Another administrative penalty that can be imposed is plate impoundment, the confiscation of your vehicle’s license plates. This applies to first-time offenses of DWI if your blood alcohol content was .16 percent or more, or if you had a passenger 16 years of age or younger with you in the vehicle at the time of your arrest. It does not apply to test refusals, however.

With plate impoundment, you have to remove and surrender the license plates from your vehicle. This impoundment applies to all vehicles registered in your name, even those you own jointly with another person. In order to drive those vehicles again, you will be required to apply for special registration plates, or what are called “whiskey plates.”

Clearly these consequences, even though not strictly part of the criminal side of the case, can impact your life and driving privileges significantly. You will want Ringstrom Law working with you to understand and mitigate their effects.

The direct costs involved with a DWI in Minnesota are also significant. These costs can include

  • Criminal fines and fees/surcharges
  • Assessment fees to determine chemical dependency, followed by the cost of treatment when it is recommended
  • Bail or bond expenses
  • Driver’s license reinstatement fee of $680 and driver’s license examination fee (to regain your driving privileges)
  • Plate impoundment fees (if it applies)
  • If you need or want to drive during the license revocation period, you will have to pay for the installation and maintenance of an ignition interlock device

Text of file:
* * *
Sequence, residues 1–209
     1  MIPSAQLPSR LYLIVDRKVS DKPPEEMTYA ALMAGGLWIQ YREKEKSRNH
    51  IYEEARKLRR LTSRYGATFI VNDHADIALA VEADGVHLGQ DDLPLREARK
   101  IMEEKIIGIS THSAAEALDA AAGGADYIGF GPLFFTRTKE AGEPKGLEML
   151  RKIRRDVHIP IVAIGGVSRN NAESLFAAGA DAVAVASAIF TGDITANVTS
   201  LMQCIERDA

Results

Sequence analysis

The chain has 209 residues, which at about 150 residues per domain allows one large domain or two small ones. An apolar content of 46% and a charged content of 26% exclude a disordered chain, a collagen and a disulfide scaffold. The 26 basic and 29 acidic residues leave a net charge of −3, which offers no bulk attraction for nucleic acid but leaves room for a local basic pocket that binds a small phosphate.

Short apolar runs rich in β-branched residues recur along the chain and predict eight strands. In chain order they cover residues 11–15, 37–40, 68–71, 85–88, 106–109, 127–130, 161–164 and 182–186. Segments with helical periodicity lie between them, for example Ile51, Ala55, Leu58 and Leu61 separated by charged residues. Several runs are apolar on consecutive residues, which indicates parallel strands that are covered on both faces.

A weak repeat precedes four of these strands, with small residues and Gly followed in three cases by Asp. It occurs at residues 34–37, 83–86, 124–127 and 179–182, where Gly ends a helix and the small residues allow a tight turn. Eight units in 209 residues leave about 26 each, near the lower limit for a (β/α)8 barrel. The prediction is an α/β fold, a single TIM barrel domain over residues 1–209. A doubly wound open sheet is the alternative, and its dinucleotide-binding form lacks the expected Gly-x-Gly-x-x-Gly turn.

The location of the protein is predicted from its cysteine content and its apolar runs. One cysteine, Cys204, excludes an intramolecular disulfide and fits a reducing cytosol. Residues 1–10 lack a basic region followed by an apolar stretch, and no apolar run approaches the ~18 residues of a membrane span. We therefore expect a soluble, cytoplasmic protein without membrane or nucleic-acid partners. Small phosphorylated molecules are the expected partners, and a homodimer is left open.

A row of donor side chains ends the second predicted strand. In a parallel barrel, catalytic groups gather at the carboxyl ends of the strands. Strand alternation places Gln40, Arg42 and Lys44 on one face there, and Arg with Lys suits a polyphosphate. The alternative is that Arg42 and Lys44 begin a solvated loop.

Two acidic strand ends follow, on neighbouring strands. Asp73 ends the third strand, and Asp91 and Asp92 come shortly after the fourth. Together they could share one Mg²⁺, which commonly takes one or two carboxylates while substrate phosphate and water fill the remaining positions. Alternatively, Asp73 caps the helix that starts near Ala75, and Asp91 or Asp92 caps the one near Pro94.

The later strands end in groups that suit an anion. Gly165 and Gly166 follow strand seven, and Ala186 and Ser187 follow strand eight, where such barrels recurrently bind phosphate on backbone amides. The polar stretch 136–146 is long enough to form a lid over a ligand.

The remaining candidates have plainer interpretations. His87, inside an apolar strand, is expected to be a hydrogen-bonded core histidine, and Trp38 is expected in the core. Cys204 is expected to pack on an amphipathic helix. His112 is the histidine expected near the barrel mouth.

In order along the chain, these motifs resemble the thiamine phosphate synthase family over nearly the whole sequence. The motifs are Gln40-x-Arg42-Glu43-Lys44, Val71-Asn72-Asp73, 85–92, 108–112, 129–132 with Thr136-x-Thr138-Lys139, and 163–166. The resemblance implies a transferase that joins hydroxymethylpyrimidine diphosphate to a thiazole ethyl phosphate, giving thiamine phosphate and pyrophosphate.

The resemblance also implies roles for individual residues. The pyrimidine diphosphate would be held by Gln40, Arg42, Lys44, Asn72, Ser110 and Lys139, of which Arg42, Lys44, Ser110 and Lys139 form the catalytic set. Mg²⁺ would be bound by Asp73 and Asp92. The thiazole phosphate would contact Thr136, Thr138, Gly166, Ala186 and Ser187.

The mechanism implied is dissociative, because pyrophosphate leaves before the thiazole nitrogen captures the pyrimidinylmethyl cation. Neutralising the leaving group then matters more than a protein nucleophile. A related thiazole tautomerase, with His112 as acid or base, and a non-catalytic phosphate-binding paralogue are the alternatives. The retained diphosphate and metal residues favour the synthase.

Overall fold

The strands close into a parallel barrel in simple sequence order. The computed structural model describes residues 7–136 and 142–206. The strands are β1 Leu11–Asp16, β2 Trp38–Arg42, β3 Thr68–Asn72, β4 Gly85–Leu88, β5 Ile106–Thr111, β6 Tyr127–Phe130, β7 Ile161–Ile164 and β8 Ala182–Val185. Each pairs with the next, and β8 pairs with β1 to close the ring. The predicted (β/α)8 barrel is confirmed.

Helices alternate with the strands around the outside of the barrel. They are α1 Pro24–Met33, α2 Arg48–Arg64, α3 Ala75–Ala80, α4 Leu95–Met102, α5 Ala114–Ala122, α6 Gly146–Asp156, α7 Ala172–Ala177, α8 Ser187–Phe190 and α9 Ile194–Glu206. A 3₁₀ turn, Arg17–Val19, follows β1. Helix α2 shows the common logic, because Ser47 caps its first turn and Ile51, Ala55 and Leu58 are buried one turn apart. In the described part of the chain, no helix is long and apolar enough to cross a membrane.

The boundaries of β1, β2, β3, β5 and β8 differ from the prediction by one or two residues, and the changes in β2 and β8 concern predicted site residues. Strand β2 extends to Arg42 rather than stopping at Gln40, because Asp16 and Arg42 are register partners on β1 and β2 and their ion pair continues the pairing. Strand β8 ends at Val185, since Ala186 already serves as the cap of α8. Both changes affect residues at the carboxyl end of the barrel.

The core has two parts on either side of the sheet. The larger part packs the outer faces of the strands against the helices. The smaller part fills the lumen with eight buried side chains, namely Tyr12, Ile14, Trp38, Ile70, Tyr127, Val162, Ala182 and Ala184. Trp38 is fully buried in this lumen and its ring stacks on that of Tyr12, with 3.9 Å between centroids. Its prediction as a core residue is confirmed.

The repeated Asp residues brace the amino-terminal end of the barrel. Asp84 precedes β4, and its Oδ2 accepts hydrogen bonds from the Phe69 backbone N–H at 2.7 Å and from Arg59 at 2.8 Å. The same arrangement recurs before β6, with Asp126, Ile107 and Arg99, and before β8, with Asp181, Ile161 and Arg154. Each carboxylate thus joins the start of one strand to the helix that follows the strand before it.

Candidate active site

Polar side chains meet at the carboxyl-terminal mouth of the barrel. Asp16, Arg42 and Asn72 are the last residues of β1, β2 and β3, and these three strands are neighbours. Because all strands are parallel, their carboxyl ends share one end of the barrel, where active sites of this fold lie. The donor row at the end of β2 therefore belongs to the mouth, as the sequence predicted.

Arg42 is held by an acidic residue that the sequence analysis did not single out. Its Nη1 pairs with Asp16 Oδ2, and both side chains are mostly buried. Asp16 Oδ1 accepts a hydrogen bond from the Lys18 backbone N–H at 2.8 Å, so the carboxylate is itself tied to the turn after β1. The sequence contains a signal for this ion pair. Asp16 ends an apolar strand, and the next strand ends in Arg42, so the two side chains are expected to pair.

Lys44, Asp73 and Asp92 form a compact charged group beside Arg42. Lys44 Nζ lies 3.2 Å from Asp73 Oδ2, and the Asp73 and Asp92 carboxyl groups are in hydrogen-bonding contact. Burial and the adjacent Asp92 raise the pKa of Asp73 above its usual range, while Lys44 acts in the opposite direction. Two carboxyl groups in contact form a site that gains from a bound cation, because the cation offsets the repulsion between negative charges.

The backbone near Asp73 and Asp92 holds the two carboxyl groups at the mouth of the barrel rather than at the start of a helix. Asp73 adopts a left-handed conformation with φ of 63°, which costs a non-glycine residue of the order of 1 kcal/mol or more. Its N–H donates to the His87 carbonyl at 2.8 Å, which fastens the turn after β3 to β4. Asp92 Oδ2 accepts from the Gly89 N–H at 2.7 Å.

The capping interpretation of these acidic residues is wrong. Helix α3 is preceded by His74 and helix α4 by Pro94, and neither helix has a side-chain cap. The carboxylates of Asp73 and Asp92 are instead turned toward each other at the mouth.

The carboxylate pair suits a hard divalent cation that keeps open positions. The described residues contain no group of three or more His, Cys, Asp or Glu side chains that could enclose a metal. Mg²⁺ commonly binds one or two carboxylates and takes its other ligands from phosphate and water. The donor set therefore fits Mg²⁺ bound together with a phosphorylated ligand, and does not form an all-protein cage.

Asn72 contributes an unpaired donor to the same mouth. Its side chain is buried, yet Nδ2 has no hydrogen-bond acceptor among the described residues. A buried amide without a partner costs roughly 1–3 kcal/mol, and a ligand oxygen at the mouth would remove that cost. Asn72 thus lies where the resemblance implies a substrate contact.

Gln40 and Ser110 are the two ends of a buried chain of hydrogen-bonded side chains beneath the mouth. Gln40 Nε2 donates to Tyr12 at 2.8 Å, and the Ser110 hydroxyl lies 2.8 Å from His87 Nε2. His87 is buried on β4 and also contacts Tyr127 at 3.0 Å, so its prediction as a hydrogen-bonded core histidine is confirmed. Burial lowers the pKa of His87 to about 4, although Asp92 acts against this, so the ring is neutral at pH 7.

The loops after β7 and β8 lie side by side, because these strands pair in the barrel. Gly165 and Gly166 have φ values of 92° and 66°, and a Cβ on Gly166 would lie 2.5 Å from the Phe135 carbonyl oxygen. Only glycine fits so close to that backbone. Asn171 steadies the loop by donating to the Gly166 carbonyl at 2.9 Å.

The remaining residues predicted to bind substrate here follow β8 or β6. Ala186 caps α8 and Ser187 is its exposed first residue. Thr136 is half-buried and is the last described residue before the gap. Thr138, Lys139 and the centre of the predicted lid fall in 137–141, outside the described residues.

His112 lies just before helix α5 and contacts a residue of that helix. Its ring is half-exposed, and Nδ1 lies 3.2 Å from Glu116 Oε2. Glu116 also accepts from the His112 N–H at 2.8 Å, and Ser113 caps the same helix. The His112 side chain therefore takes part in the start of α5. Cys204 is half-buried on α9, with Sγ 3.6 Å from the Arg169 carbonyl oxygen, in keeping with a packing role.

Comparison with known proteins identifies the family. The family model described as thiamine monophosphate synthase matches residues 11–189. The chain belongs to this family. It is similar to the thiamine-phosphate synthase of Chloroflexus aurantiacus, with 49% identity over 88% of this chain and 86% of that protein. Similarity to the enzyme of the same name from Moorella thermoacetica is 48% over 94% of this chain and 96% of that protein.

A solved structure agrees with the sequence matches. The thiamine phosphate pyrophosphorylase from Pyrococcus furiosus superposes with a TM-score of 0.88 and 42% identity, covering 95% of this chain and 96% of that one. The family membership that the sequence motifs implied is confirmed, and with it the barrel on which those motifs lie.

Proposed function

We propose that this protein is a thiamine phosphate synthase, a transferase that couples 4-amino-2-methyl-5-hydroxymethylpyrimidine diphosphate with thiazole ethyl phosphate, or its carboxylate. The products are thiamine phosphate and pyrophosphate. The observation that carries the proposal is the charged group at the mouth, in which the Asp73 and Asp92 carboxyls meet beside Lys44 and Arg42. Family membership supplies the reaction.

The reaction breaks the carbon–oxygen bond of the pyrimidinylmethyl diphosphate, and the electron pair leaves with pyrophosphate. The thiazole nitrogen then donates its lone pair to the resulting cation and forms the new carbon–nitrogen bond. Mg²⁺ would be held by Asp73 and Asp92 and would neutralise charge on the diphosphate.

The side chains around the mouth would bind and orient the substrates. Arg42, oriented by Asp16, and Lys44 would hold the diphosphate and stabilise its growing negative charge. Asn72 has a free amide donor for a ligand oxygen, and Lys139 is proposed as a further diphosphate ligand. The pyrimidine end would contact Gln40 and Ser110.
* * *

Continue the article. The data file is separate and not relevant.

Second-Degree DWIs

In Minnesota, gross misdemeanor DWIs can be either second-degree (Minn. Stat. 169A.25) or third-degree (Minn. Stat. 169A.26) charges. The second-degree charge requires at least two aggravating factors, while the third-degree charge requires only one of these factors (or a test refusal). The aggravating factors are 

  • A prior DWI in the past ten years
  • A blood-alcohol concentration of 0.16 percent or higher
  • A passenger in the vehicle who was under 16 years old

Perhaps the main distinguishing feature of a second-degree DWI is that your vehicle is subject to forfeiture. Even if you are able to get the vehicle back by contesting and winning the forfeiture case, being without your vehicle for a period of time can be a huge challenge. Ringstrom Law has successfully returned many vehicles to its clients using forfeiture challenge lawsuits.

The other consequences for this level of DWI include a longer jail sentence and license plate revocation. The amount of time you spend in jail will depend in part on the factors involved in your arrest and your past DWI convictions. Without the intervention of highly-skilled defense counsel, if you have two prior convictions of DWI on your record within the past ten years, your sentence will typically be a minimum of 90 days in jail. If you have just one prior DWI conviction within ten years, you are 30 days of jail. If your blood-alcohol readings were elevated, the court might bestow a stiffer penalty.

Hit and Run

If you are involved in an accident, you are legally required to stop your vehicle as soon as safely possible and go back to the scene of the accident. Once at the scene, you are required to provide the police and any other driver involved with your name, address, date of birth, and registration. If the vehicle you've hit is unattended, you need to make a reasonable attempt to find the owner or the other driver, contact the police, or leave your contact information for the other owner. If you do not follow these steps, it can become a “hit and run” incident, treated under Minnesota Statute 169.09 (“Collisions”).